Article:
It’s that guy, fellow, chap thing

No offense, but where’s some of the more practical/useful stuff? For a while there, you had me checking this blog everyday – and learning something new every time you posted something. These days…not so much. – jljzen

Ouch. Ok, I admit, I’ve been incredibly lazy with this blog lately. Sometimes I go on a writing spree then I get burned out and have to do something else for a while. It doesn’t mean I’ve run of things to write about. In fact, I would rate this post an 8 on the practical/useful scale. What? You want to know what the scale is based on? Sorry, I’m too busying writing this to answer your question.

This word is used all the time… kind of

「奴」(やつ) is yet another one of those words that just can’t be easily translated into English and yet it’s often used in casual conversations. Look it up at the WWWJDIC and it’ll say, “(1) (vulg) fellow; guy; chap; (2) thing; object”. Hmm… I don’t know about you but when I hear “chap”, I picture, “Quite splendid, I must say!” and “Would you like two cubes of sugar with your tea or just one?” “Fellow” and “guy” isn’t very helpful either. The second definition is also too vague to really make much sense to me. Yahoo 辞書 isn’t much better as it says pretty much the same thing. So why don’t we take a closer look at what the definitions are trying to tell us and how the word is actually used in Japanese?

There was a fellow, a guy, and a chap…

The first definition may sound like the beginning of a joke but what it’s trying to say is that 「やつ」 is a naughtier version of 「人」. It’s impossible to translate because it can have either a good or bad meaning. In any case, by using 「やつ」, it becomes obvious that you don’t have much respect for that person. So you should use this only for your homeys or at least when the person in question is not around to hear you. (God, I can’t believe I just said, “homeys”.)

A: この学校って、変なやつばかりだな。
– This school is just full of strange guys.

B: みんなオタクだからよ。
– It’s because they’re all nerds.

A: 10,000円を貸してくんない?
– Can you send me 10,000 yen.

B: いいよ。
– Sure.

A: マジで?!お前って、本当にいいやつだな!
– Really? You’re really a great guy!

It’s, you know… stuff

The second definition of 「やつ」 refers to generic things. In this case, since objects don’t have feelings, you can use it much more freely than the previous definition.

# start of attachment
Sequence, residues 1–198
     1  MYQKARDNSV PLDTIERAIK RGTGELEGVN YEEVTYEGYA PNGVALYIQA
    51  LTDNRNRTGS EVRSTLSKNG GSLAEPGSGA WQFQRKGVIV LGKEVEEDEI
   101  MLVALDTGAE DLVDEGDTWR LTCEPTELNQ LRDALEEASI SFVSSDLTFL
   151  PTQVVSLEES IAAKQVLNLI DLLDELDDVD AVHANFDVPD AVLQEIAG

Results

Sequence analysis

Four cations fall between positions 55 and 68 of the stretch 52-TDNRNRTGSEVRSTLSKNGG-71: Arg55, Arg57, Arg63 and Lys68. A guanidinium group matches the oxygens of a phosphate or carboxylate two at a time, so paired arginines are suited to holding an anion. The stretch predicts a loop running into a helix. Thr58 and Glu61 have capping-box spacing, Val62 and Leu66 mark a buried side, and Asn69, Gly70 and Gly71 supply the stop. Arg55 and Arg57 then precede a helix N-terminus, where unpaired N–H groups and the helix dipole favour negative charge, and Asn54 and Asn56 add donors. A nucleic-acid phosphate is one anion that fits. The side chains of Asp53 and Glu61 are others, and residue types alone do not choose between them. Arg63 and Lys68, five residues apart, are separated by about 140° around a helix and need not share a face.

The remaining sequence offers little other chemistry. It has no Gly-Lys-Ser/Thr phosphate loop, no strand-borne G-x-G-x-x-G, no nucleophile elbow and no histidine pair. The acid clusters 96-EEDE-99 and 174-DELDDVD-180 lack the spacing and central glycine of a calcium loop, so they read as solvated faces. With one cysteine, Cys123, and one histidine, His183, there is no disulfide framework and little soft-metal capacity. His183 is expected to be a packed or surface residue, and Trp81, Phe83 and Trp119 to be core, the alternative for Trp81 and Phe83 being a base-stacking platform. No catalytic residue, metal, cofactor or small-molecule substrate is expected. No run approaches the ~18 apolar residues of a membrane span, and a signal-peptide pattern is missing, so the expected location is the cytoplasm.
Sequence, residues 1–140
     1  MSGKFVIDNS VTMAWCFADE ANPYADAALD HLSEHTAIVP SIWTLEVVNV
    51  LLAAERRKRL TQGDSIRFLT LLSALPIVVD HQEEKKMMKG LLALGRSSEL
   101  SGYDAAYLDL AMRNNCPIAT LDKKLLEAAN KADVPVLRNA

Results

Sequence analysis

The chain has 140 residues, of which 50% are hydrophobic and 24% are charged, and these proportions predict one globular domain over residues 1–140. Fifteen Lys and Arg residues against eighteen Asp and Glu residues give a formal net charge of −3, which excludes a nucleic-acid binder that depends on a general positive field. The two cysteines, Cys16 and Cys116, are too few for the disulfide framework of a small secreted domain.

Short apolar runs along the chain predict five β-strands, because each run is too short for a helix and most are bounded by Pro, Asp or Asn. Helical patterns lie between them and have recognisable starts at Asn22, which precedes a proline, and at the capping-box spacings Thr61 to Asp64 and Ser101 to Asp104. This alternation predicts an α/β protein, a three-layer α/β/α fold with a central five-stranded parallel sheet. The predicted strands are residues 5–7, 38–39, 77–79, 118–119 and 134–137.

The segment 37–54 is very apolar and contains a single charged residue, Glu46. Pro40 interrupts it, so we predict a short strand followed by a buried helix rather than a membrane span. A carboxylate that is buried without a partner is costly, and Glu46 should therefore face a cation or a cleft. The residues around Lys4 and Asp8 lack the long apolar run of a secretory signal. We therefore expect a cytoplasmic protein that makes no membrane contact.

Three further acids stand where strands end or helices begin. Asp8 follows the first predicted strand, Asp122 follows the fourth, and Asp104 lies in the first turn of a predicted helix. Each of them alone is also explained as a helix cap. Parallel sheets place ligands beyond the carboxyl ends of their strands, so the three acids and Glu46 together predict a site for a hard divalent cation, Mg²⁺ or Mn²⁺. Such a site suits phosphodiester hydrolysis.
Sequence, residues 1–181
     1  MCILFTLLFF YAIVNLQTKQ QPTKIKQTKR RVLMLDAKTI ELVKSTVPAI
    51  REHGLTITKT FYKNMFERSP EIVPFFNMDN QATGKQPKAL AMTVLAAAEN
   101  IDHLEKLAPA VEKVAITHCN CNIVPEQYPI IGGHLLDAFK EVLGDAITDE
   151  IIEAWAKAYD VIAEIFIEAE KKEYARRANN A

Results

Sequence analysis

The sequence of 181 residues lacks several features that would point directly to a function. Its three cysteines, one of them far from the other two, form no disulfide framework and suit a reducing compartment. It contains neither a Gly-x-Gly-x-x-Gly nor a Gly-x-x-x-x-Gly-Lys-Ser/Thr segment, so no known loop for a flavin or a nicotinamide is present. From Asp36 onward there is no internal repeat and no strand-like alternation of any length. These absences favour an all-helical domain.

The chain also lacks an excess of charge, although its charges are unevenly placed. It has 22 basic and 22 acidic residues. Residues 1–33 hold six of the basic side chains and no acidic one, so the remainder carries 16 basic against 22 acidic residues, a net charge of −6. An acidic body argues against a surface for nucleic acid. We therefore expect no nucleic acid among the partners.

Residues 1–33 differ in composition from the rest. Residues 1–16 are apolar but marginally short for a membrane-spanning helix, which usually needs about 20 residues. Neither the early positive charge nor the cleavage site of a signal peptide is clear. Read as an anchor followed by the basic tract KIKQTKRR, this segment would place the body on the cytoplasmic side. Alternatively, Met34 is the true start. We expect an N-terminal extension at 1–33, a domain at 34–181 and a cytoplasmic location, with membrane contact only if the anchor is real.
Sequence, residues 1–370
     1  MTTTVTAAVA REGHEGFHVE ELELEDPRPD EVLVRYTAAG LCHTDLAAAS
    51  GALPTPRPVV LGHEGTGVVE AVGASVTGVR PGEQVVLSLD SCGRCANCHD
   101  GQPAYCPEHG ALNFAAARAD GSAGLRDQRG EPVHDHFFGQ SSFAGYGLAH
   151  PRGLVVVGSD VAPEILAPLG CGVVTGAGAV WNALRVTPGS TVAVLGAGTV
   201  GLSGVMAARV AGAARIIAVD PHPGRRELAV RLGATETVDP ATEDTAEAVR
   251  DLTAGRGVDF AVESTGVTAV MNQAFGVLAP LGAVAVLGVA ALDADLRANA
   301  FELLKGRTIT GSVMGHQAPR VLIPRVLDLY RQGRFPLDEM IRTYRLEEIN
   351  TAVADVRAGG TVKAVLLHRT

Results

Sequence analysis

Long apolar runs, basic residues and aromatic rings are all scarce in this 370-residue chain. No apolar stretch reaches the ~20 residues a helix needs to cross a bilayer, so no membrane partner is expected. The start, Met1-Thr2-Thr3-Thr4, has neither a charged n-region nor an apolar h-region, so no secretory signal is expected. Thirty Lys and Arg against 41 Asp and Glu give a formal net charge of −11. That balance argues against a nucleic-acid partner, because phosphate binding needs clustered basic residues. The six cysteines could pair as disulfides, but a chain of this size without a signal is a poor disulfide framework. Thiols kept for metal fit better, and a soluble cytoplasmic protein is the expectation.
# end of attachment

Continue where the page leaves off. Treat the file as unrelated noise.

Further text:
A: 丸くて赤いのがあるじゃん。すっごく高いやつ。あれを買ってよ。
– You know there’s that round, red thing? The really expensive thing. Buy that thing for me.

B: 全然分かんないけど、とにかく嫌だ。自分で買ってよ。
– I have no idea but anyway I don’t want to. You buy it yourself.

In the example above, I could have used 「物」 instead of 「やつ」 but that just sounds too stiff in the type of casual language used in the example. 「やつ」 sounds much cooler and more hip.

The 「こ、そ、あ、ど」 version

You are probably already familiar with a variety of generic words starting with こ、そ and あ indicating proximity. Just like you have 「これ」、「それ」、and 「あれ」 to mean, “this”, “that”, and “that” (way over there), the same versions of 「やつ」 are 「こいつ」、「そいつ」、and 「あいつ」 respectively. There is also 「どいつ」, the question word for 「やつ」, similar to 「どれ」. You can use these words to refer to both people and objects. In the case of objects, it becomes a rougher and more casual version of 「これ」、「それ」、「あれ」、and 「どれ」. These words are great for when you want to add a bit of punch when referring to the objects around you.

A: すごいんだよ。こいつをパソコンに入れると性能が何倍も上がるんだよ!
– It’s awesome. If you put this in the computer, the performance increases manifold.

B: あ、そう?よかったね。
– Is that so? That’s nice.

I almost want to translate the 「こいつ」 from the previous example as “this shit” but I don’t think it’s quite as strong. If you think of it as a word somewhere between just “this” and “this shit”, I think you’ll have a good idea of what the difference is between just 「これ」 and 「こいつ」.